I had decided to walk around the rim of the American side of Niagara Falls, from the top, above all the demonstrations of potential energy changing to kinetic energy. I figured to just walk far enough to meet up with my mother, or her friend, or maybe my father, and to see how far I felt like walking before turning back. Now, the thing is, consider the sort of tourist I am, which is the kind that could realistically spend more than a glance looking at a trowel if I have any reason to believe that this trowel was involved in any way in any interesting activity. So it was easy to fall into a pattern of ``I should walk a bit farther; after all, when am I going to be here again?''
And this is how I walked out on a footbridge that was farther away, and longer, than I thought, which allowed first for completely different views of water falling and the occasional seagull, but also lead me eventually to what I believed was Goat Island. Around here the trees were grown into the nice sort of respectable little forest like where I grew up, with plenty of trees but not enough depth to worry a suburban kid. And the walkway drew very close to the Niagara River, far enough up from the falls that it was still reasonably tranquil. In fact, there was one stretch where it was just a few feet and a little walk downhill to get to a sort of alcove in the river, where the water was stirring around but not moving that fast, and ... you know, I had my sandals on, and ... when would I be here again?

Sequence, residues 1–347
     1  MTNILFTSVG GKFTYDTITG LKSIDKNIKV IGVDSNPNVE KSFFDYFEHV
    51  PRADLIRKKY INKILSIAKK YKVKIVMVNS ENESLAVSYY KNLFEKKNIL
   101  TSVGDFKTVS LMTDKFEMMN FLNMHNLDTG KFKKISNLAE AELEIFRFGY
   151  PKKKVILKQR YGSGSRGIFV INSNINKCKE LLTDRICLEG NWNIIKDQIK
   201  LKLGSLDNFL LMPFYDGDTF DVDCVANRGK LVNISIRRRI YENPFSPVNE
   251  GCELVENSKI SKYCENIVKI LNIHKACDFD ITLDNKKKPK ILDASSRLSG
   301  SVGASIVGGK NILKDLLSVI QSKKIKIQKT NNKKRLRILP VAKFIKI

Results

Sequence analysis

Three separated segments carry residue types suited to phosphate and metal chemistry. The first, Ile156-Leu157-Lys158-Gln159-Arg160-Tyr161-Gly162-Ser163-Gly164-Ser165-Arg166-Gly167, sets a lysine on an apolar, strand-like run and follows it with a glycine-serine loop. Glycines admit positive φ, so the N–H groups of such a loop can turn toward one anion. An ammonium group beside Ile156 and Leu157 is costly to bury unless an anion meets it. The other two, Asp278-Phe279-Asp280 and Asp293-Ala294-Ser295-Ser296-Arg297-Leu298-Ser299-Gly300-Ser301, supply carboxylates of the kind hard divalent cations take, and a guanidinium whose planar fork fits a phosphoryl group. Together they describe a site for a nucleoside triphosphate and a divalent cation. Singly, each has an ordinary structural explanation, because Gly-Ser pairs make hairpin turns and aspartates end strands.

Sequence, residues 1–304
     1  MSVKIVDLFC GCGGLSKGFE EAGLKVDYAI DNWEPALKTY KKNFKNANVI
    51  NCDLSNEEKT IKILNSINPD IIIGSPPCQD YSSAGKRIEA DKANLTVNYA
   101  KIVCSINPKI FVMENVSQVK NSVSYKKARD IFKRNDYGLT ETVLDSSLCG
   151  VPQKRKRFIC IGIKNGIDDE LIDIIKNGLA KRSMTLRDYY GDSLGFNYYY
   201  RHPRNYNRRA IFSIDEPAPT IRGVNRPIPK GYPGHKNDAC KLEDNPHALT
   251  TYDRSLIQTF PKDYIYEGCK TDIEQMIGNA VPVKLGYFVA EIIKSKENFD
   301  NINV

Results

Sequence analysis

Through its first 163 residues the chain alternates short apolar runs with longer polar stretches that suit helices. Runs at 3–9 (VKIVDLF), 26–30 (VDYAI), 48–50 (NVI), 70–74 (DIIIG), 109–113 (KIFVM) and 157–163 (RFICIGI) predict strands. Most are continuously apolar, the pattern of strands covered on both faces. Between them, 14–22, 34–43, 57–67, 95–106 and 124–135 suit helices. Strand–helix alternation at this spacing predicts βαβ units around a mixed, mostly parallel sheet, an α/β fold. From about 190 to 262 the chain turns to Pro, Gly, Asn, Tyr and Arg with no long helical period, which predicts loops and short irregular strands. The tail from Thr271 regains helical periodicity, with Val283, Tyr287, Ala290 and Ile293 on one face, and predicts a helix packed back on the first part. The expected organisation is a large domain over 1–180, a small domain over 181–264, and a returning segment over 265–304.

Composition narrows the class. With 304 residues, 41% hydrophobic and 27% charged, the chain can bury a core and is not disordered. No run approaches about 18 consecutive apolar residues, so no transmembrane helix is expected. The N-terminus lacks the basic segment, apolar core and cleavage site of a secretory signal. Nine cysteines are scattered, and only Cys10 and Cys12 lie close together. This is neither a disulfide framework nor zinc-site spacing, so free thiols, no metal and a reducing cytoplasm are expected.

So I joined what I have to imagine is a modest legion of people who've walked into the Niagara River near the Falls. It wasn't far into the river: I didn't get even much past my ankles wet. And it wasn't near the Falls; even if I had slipped, I'd have just gotten myself muddy. But I was filled with that wonderful thrill that comes of doing something that you can describe as risky. And the water soaked into my sandals and covering my feet felt really good on that hot day.
Trivia: In 1715 North Carolina declared as many as seventeen commodities, including maize and wheat, to be legal tender. Source: History of Money, Glyn Davies.
Currently Reading: Understanding Physics: Motion, Sound, and Heat, Isaac Asimov. I already understand them pretty well, but it has been a while since I last read an Asimov science popularization and you have to admit the Good Doctor did know a few things about how to do them.